Stefanie Bluemle is a research and instruction librarian at Augustana College in Rock Island, Illinois. Stefanie has been a member of ACRL for 13 years and is your ACRL member of the week for July 15, 2019.
Describe yourself in three words: Introspective, motivated, analytical.
What are you reading (or listening to on your mobile device(s)? Lots and lots of journal articles, for one thing. In addition to that, the best books I’ve read so far this year have been The Woman Who Smashed Codes by Jason Fagone (the first third takes place on a mysterious estate in the Chicago suburbs, where I grew up), Becoming by Michelle Obama, and Ralph Ellison’s Invisible Man, which I read for the first time since high school. I love how Ellison rewrites so much of “classic” American literature.
Describe ACRL in three words: Collaborative, informative, helpful.
What do you value about ACRL? ACRL has given me opportunities to learn from other librarians at events ranging from conferences to Immersion to webinars. Being a member helps me stay up to date on developments within the profession. I also value the opportunity my library had a few years ago to participate in the first cohort of Assessment in Action, which allowed us to make strides in the direct assessment of student learning in special collections.
What do you as an academic librarian contribute to your campus? I am my library’s instruction coordinator and liaison to the humanities division (departments of history, philosophy, and religion). IL is fully integrated into Augustana’s required First Year Inquiry sequence, and liaisons work with their departments to build IL into departmental curricula, so I do quite a bit of teaching in course-integrated sessions. I am grateful to work at a small college where classroom faculty respect the librarians and view us as true colleagues, and I’ve been fortunate to participate widely on campus. Highlights from the last couple of years include working with the college’s student-led Honor Council–I advise the council and guide accused students through the process–and being one of eight faculty to collaboratively develop and propose a new curriculum for First Year Inquiry, which will be implemented in the 2019-20 school year.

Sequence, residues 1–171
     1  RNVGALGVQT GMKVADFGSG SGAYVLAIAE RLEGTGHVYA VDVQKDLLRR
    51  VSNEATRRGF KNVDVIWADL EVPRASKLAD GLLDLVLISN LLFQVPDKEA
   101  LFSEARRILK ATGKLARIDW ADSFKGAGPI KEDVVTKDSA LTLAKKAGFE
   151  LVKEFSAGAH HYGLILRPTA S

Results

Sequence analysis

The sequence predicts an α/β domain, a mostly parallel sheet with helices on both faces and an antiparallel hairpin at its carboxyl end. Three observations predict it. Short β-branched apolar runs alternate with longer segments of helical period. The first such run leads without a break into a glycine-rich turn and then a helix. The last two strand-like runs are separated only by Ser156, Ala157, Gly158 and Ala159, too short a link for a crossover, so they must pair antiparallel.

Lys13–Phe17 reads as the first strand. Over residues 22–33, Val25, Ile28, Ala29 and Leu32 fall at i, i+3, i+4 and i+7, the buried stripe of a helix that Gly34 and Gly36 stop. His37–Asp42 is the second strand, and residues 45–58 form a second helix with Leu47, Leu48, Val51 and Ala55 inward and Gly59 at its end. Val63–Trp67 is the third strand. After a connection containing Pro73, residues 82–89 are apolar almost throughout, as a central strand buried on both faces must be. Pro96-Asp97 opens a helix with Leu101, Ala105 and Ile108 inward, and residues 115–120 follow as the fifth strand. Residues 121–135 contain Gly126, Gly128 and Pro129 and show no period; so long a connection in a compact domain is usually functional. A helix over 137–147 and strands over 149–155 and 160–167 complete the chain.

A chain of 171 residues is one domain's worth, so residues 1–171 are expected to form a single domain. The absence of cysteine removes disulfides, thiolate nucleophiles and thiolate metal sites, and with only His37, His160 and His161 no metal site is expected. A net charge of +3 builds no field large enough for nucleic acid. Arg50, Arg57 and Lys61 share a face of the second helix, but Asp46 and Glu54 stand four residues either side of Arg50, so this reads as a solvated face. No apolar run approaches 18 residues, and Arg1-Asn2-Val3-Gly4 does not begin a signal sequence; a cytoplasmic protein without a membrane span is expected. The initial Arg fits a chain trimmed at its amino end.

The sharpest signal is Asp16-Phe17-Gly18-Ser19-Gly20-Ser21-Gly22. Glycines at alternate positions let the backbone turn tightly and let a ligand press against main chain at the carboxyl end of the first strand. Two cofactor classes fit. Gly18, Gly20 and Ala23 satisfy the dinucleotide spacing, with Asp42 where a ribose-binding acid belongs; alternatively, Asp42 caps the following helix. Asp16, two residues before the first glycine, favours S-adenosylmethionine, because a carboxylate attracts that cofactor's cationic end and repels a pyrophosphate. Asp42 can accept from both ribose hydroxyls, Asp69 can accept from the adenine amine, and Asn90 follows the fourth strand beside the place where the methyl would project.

In your own words: If I had to choose a motto it would be: Everything is political. Academic librarians don’t always have direct access to power on their campuses; instead, we often work in the interstices. This might seem to be a bad thing, but, in my experience, it can actually create unusual opportunities to exercise influence. At my institution, where IL is a campus-wide student learning outcome but there is no credit-bearing IL class, librarians work within the curriculum and outside of it, within disciplines and outside of them, both at the same time. Our situation gives us a unique and valuable perspective on campus life, academic culture, and the student experience.
Editor’s Note: Are you an ACRL member? Would you like to be featured as ACRL Member of the Week? Nominate a colleague? Contact Mary Jane Petrowski at email@example.com for more information.